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Q&A: Rick Mayer

August 19, 2009

Water restrictions and an increased emphasis on conservation is changing the way planners conceive home gardens, commercial landscapes and parks. Rick Mayer, a Glendale-based landscape architect who helped plan MacArthur Park in Los Angeles and the Buena Vista Library in Burbank, sat down with us to discuss the future of outdoor spaces in Southern California.

Severe water shortages have prompted the Metropolitan Water District of Southern California, which supplies most of the water to Glendale and Burbank, to cut its distribution by 10% and aise rates by 17.4%. The Crescenta Valley Water District has reacted to shortages by restricting lawn watering to two days weekly and Glendale Water & Power is following suit with a three-day-a-week limit. The Burbank City Council is also considering its own lawn-watering restrictions — three days a week in the summer and once weekly in the winter. Experts predict more cutbacks are on the way as resources grow more scarce.

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ZAIN SHAUK: What are local gardens and parks going to look like as residents become more mindful of water conservation? Are we destined for Japanese-style rock gardens?

RICK MAYER: I think we're looking at a different type of a landscape. There are opportunities for grass, but I think it's going to be in a more functional way, where you're using the grass and it's not just a visual aesthetic. One of the things that we have been asked by many clients is how can we cut back on irrigation, how can we save water and save money? There are a number of ways that we approach that. It's not just from the viewpoint of saving water, but you have to start with how are you design the entire property.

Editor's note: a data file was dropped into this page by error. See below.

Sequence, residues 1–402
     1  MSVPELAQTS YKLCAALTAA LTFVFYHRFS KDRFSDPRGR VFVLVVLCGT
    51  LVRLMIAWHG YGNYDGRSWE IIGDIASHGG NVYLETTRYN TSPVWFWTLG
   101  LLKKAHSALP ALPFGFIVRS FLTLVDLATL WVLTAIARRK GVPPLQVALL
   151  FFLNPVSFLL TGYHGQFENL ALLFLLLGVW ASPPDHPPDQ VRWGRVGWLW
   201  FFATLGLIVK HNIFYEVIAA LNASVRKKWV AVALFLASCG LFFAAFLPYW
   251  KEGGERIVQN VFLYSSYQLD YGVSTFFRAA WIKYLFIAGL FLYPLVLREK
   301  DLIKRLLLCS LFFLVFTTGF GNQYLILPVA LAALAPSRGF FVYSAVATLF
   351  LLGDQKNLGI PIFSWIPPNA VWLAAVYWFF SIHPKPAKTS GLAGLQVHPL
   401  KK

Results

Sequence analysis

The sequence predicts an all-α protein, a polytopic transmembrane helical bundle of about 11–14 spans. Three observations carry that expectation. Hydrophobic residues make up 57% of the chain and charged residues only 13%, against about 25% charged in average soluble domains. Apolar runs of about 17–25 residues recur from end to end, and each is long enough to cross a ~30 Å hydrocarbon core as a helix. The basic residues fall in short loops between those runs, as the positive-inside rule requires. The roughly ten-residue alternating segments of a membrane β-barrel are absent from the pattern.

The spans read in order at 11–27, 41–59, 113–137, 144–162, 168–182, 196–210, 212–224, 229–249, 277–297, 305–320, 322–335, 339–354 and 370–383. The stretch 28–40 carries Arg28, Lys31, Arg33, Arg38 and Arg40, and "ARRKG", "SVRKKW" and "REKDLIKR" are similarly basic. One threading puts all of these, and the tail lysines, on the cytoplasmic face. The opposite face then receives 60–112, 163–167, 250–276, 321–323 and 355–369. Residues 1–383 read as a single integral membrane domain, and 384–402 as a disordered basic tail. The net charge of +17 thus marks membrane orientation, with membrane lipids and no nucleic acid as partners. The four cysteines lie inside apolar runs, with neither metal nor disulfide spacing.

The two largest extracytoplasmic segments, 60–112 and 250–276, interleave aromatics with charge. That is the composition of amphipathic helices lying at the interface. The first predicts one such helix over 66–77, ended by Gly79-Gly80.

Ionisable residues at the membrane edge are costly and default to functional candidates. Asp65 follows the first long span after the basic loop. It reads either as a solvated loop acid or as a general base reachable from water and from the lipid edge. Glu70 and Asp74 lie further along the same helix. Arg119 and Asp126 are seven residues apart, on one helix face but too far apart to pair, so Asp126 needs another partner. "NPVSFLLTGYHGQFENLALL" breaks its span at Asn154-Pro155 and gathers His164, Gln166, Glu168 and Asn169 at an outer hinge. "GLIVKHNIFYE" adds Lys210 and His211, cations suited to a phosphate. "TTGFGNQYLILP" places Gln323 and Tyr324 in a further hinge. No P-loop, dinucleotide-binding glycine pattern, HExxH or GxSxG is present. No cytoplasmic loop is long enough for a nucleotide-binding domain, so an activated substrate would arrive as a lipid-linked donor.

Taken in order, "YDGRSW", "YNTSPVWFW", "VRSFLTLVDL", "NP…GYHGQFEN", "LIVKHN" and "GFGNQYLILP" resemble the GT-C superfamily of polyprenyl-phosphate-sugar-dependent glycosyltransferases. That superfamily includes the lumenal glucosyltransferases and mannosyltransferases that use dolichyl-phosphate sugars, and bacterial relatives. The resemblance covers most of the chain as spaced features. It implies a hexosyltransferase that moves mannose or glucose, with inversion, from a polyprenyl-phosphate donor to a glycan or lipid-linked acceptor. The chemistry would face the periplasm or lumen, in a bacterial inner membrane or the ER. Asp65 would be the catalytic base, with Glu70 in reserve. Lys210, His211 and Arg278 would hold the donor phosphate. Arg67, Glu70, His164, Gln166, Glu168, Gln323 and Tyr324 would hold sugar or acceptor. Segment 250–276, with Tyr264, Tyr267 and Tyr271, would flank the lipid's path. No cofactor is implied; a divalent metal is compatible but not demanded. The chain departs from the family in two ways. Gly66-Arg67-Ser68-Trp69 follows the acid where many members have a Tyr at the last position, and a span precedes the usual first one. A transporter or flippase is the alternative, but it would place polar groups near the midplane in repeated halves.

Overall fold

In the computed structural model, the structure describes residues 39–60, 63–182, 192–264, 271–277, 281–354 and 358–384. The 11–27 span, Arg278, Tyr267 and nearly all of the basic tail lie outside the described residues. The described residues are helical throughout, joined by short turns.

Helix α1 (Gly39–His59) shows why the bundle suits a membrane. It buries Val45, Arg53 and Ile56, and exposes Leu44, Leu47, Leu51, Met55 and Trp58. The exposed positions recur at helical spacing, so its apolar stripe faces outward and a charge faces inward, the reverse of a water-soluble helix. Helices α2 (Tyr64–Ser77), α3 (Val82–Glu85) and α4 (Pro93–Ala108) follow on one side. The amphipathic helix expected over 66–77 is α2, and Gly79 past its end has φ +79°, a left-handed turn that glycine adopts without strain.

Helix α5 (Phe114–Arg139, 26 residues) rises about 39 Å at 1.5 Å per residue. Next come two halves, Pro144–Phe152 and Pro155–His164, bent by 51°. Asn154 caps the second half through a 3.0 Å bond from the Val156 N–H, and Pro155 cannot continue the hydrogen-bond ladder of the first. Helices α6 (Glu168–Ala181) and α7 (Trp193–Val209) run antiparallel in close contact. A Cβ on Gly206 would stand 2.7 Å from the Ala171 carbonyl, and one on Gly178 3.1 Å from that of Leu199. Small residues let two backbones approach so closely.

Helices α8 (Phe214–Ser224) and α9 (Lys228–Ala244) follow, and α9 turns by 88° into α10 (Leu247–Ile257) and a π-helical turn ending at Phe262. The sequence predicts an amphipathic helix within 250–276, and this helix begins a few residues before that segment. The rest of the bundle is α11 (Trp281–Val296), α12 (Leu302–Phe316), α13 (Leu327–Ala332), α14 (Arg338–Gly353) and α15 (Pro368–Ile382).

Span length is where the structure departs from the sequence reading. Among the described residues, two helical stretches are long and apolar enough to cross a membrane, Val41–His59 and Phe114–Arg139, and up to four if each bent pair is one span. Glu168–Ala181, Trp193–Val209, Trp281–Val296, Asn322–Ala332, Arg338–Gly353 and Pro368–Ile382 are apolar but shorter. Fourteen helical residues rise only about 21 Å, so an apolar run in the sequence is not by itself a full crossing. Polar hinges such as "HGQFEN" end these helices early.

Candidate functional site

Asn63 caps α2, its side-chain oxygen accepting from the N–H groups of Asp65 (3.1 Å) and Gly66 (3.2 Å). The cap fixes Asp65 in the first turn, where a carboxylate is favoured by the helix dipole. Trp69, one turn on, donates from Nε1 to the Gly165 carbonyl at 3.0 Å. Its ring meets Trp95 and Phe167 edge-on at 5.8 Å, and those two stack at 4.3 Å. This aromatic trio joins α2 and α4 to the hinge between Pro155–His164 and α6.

Q: Why is grass a questionable addition to a garden?

A: Many types of grasses are more water thirsty. They take more water. So if you want to cut back on your water consumption and to recycle water and think about water as truly what it is, which is a resource that we shouldn't be squandering, you need to look at whether you need grass and then how much grass do you really need. In other words, maybe the front yard, which typically in Southern California has been more of an aesthetic view of the house, isn't where we normally would use grass in a functional way. By merely asking those questions and doing proper site design, you're cutting back on the amount of water you're using because you're cutting back on your grass.

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